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"It is high time for a serious consideration of the religious situation at Harvard. This is the conviction of the leaders of five student Christian organizations representing over 3,000 students at Harvard. We feel that the religious viewpoint has been neglected at Harvard and because we are Christians we are most aware that Christianity has been neglected. We suspect that other religious groups feel the same way.
"In view of this fact, we recommend that (1) courses in religion be taught at Harvard from the religious point of view, and (2) we recommend that religious counseling be carried on under the auspices of an official Chaplain, who would have as his assistants representatives of Roman Catholicism and Judaism, as well as of Protestantism, all of whom would be supported by their own denominations. Their position would be to minister to the spiritual needs of these students.
"We have made the above recommendations for the following reasons. First of all, there is a nominal group of 5,000 students who considers Christianity to be a form of truth, and a smaller percentage of that number who considers Christianity to be the truth. It seems unfair, therefore, that Harvard, whose motto is Veritas, has not adequately presented this aspect of reality.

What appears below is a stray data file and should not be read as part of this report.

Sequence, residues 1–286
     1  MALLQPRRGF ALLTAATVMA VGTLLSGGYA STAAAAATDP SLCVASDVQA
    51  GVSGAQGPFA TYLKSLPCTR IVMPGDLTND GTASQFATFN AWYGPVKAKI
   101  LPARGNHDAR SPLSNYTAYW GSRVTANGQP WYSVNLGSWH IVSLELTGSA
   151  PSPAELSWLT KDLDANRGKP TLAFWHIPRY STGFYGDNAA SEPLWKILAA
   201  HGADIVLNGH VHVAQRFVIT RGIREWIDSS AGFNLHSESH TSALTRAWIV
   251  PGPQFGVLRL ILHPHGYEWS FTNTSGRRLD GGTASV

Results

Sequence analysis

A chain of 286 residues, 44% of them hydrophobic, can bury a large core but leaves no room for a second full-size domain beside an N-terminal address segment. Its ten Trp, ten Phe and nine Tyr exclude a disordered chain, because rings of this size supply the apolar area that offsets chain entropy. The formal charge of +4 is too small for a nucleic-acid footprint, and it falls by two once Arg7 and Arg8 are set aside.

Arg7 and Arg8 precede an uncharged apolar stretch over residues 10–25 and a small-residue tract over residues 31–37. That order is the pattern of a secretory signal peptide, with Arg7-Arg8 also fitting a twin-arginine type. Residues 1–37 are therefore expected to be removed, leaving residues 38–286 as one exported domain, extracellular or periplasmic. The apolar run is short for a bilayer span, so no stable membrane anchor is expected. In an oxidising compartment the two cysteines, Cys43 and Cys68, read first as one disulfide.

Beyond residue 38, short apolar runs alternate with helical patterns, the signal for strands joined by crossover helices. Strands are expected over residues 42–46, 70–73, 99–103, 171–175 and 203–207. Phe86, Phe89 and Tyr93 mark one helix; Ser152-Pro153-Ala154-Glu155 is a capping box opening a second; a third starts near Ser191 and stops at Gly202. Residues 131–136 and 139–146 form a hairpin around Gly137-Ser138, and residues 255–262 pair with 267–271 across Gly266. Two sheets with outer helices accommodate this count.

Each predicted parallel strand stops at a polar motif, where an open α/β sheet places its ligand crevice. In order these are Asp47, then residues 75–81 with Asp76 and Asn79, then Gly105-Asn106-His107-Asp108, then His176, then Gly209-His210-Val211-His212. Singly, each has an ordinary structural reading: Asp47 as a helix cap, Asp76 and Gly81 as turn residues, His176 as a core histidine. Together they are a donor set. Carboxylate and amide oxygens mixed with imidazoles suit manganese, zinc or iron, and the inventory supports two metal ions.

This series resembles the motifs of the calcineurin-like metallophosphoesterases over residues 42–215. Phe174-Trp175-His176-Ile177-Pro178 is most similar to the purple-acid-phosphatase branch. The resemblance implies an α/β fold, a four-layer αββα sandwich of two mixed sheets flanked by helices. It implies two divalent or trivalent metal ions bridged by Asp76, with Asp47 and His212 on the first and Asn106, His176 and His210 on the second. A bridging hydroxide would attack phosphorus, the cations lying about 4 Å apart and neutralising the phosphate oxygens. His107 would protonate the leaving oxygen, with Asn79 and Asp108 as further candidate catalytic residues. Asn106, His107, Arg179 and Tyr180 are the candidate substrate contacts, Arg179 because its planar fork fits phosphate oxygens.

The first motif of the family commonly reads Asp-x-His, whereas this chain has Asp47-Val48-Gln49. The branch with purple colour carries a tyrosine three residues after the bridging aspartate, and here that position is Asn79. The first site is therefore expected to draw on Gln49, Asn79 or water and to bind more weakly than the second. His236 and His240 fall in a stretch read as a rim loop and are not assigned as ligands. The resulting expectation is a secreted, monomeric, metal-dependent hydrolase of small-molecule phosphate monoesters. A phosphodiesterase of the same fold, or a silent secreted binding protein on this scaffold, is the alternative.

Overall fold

Free Market Place of Ideas
"Another reason derives from Harvard's role as a free-market for the exchange of ideas. In line with this, the student makes an evaluation and a rational choice. Therefore the complaint that this form of truth would be forced upon the student or that Harvard itself would espouse any particular religion is logically invalid.
"Although the religious leaders of the local churches do carry on counseling, these men do not have the time or the direct contract with Harvard which would allow them to do the job which both they, and we, feel ought to be done. More important, a man is not only a matter of body and mind; he also has spiritual possibilities and significances.
"Is Harvard reluctant to confront this problem only because it is the last Ivy League college to have dealt successfully with such a matter?
GEOFFREY R. PAUL '52, president of the Canterbury Club (Episcopalian),
CHARLES E. NORTON '52, president of the Wesley Foundation (Methodist),
DOUGLAS R. PURDY '52, chairman of the Congregational-Presbyterian Student Fellowship.
WAYNE A. CLARK '52, chairman of Worship, Sunday Evening Club, Old Cambridge Baptist Church.
GILBERT E. DOAN, JR. '52, president of the Student Council; University Lutheran Association of Greater Boston."
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